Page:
UW Information Technology

Watering UW’s lush landscapes

New virtual irrigation network will make massive job easier

Beautiful flowers being water by an automated irrigation system

By Elizabeth Sharpe

A single computer on James Boeckstiegel’s desk controls the majority of irrigation systems for the UW’s 650-acre Seattle campus.

Boeckstiegel, maintenance mechanic lead in UW Facilities Grounds Maintenance, is one of only three staff members who manage the massive task of irrigating the cultivated landscapes, green roofs and athletic fields that are signature features of the campus.

Imagine the many iconic spots on campus: Sylvan Grove, The Quad, Rainier Vista, HUB Lawn, Burke Gilman Trail, Memorial Way and the athletic fields. Now imagine them if they didn’t have the water they require, particularly now in the sun-drenched days of summer.

Unfortunately, over the last several years, the irrigation central control computer on Boeckstiegel’s desk has been cut off from the satellite controllers that manage the irrigation for vital planting zones across the Seattle campus, and significant numbers of trees and plants were lost. Three staff couldn’t keep up, as much as they tried, running out to manually operate each satellite irrigation controller at disconnected locations across campus.

“It’s critical that we have a viable central control and an irrigation infrastructure with a reliable communication platform,” said Brian Davis, the Outside Zone project manager for UW Facilities Maintenance & Construction, who uncovered the source of the irrigation problem. “You have three people managing this whole campus, so you need to be able to do global and independent programming at a central location.”

So he and the irrigation team worked with UW Information Technology (UW-IT) over the last two years to set up a secure virtual network just for the irrigation system.

The disconnect

Before, the satellite irrigation controllers located in the mechanical rooms of buildings or adjacent landscapes across campus were attached to that building’s network called a subnet, along with many other devices, such as computers and phones. Changes to the subnet could disconnect the satellite irrigation controllers from the central control computer system in the irrigation office. That caused the system to be unreliable; it wasn’t able to perform critical functions like remote monitoring, troubleshooting and control in those disconnected locations.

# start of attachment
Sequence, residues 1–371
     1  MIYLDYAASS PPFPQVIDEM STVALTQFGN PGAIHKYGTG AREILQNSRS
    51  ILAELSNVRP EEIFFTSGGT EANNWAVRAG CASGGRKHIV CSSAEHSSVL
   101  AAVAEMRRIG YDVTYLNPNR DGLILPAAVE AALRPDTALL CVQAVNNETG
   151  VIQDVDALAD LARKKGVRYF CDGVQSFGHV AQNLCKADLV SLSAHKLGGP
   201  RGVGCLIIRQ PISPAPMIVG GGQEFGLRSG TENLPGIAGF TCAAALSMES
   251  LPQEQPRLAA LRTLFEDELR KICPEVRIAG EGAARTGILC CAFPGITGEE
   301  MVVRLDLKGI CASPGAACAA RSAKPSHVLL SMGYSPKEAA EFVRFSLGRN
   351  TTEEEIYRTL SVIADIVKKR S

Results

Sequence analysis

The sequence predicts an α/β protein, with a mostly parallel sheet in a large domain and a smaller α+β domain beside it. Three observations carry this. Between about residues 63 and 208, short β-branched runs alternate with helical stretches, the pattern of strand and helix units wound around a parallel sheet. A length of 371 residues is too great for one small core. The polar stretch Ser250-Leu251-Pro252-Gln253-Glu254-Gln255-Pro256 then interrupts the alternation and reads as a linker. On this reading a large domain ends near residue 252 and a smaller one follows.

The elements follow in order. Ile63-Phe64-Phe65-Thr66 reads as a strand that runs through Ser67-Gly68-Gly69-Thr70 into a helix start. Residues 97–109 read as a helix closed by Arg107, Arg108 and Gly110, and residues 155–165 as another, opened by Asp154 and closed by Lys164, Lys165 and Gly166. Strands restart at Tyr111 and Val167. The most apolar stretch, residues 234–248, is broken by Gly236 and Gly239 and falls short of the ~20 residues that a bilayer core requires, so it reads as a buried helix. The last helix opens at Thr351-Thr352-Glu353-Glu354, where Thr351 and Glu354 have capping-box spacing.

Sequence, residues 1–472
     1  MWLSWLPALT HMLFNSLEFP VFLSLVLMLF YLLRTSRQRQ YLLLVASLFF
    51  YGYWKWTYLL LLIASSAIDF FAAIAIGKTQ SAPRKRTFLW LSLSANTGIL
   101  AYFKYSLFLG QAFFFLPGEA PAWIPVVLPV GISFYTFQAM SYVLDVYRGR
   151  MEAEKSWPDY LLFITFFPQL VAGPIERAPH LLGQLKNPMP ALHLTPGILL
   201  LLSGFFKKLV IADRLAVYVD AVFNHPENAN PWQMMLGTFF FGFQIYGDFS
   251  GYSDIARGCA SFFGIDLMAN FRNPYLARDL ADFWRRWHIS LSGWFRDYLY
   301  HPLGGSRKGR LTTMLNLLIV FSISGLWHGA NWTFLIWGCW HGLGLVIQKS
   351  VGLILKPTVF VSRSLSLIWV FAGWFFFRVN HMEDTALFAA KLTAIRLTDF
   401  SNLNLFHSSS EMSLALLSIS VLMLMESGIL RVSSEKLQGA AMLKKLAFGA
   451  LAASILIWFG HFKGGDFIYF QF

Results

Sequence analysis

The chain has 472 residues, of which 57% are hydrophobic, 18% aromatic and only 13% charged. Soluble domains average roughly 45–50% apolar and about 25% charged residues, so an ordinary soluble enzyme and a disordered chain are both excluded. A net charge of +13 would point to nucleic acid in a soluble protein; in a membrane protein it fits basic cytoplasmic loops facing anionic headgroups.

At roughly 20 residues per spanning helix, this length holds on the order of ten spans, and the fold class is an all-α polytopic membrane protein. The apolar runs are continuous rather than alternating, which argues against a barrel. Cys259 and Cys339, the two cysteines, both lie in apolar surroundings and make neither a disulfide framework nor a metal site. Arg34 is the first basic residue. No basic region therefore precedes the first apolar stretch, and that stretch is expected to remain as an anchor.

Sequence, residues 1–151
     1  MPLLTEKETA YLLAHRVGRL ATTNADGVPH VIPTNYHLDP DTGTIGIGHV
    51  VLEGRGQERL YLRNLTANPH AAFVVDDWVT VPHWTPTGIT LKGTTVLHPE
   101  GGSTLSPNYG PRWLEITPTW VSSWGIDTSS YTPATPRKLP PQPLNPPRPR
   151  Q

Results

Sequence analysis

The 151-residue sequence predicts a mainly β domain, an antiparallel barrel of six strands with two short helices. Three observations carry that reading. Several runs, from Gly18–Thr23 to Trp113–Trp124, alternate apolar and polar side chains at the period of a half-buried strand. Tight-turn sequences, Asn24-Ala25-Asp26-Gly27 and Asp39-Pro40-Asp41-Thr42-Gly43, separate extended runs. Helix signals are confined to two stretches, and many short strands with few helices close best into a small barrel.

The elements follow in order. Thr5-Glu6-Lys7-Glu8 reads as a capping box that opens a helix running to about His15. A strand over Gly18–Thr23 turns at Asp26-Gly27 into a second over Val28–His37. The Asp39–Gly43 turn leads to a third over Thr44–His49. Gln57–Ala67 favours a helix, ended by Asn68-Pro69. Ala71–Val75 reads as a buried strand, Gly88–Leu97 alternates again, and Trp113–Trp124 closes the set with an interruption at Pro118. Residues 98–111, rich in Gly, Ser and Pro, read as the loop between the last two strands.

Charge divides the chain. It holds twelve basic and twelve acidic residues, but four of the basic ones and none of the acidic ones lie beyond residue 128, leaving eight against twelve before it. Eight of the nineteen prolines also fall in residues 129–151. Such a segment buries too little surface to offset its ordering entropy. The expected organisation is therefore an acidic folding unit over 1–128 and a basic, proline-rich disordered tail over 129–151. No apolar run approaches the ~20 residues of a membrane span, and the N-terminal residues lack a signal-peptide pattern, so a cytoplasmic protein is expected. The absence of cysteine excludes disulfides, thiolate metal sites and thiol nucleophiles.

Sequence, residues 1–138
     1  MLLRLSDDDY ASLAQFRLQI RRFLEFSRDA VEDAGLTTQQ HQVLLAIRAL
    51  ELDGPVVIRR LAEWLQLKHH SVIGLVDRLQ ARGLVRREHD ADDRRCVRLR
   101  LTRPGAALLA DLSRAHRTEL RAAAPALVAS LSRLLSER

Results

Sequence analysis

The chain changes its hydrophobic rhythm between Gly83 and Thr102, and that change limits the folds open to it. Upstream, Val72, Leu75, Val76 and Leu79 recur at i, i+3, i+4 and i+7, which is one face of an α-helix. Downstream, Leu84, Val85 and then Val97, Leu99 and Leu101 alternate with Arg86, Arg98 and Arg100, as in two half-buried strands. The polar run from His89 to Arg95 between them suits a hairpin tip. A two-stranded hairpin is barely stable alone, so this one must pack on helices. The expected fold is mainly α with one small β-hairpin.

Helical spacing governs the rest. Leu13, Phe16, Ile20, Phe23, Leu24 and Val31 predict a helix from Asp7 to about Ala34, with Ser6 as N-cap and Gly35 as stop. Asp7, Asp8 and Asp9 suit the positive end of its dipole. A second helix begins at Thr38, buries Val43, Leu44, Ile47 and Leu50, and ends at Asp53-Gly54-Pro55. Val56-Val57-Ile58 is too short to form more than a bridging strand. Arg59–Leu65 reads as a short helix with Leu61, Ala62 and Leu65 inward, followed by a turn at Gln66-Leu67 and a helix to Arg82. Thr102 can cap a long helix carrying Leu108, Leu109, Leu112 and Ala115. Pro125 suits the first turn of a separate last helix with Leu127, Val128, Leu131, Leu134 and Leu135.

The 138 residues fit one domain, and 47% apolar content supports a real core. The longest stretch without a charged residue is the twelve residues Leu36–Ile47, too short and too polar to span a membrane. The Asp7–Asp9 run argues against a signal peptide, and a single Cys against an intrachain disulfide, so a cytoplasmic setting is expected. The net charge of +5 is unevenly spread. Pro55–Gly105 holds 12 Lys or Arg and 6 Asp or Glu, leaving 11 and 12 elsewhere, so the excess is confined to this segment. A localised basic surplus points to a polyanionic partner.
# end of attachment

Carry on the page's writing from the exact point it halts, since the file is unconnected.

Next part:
Unique water needs

The connection between the satellite irrigation controllers and the central control computer in the irrigation office is vital because irrigation is complicated, and the central controller ensures the satellite irrigation controllers are delivering the right amount of water to the disparate planting zones across campus.

“Irrigation is both science and art,” Davis said.

Each satellite irrigation controller has an average of 20 zones, and each zone comprises up to 50 or more sprinkler heads or drip irrigation under the ground. Each zone is carefully planned to ensure sustainable and environmentally friendly watering practices meet the needs of individual plants, while also conserving water.

“The UW is the second largest water user after the City of Seattle,” said Davis. “We have to be very responsible for our water usage.”

James Boeckstiegel and Brian Davis inspect equipment that help control irrigation systems that cover most of the UW's 650-acre Seattle campus.

Brian Davis (left) and James Boeckstiegel (right) inspect one of the satellite irrigation controllers that connects to the central irrigation system to water UW’s Seattle campus.

But this is not easy with the diversity of landscapes and plants across the Seattle campus.

Some landscapes are on a slope, while others are in raised planters. Sandy soil won’t hold a lot of water, but a sandy loamy soil will. And plants can be finicky. A Japanese Yoshino Cherry tree and a Dragon’s Claw Willow tree are not equally thirsty. Water needs largely decrease in winter because of the Pacific Northwest cooler, rainy weather. But plants in a rain shadow, or under an overhanging eave of a building, still need irrigation.

That’s why plants are co-located with plants with like water needs. It’s intentional campus landscaping design best practices, explained Davis. While campus’ landscape leans toward drought-tolerant plants, the University has unique landscapes and plant and tree collections too. There’s the Medicinal Herb Garden, Brockman Memorial Tree Tour, Drumheller Rose Garden and Fountain and the new Life Sciences Building’s green roof, to name a few.

To preserve these landscapes, the link between the central and satellite controllers needs to be reliable.

The irrigation network

Now, 15 satellite irrigation controllers have been moved to the new virtual network set up exclusively for the irrigation office. UW-IT leveraged UW’s existing network hardware and wiring to build the virtual network, giving UW Facilities uninterrupted connection to the zones controlled by the satellite irrigation controllers on the new network.

While 15 controllers only represent a fraction of the total number on campus, the goal is to eventually move all the controllers over to the dedicated network. This will take considerable time and resources because of the work involved in converting some of the existing controllers, which aren’t even networked, Davis explained.

Yet, having an irrigation-only network is already making a big difference, saving considerable time, and helping to protect the UW’s treasured landscapes, Boeckstiegel said.

“We know the water is turning on and turning off on campus when it should,” said Boeckstiegel. “It’s a thousand percent more efficient.”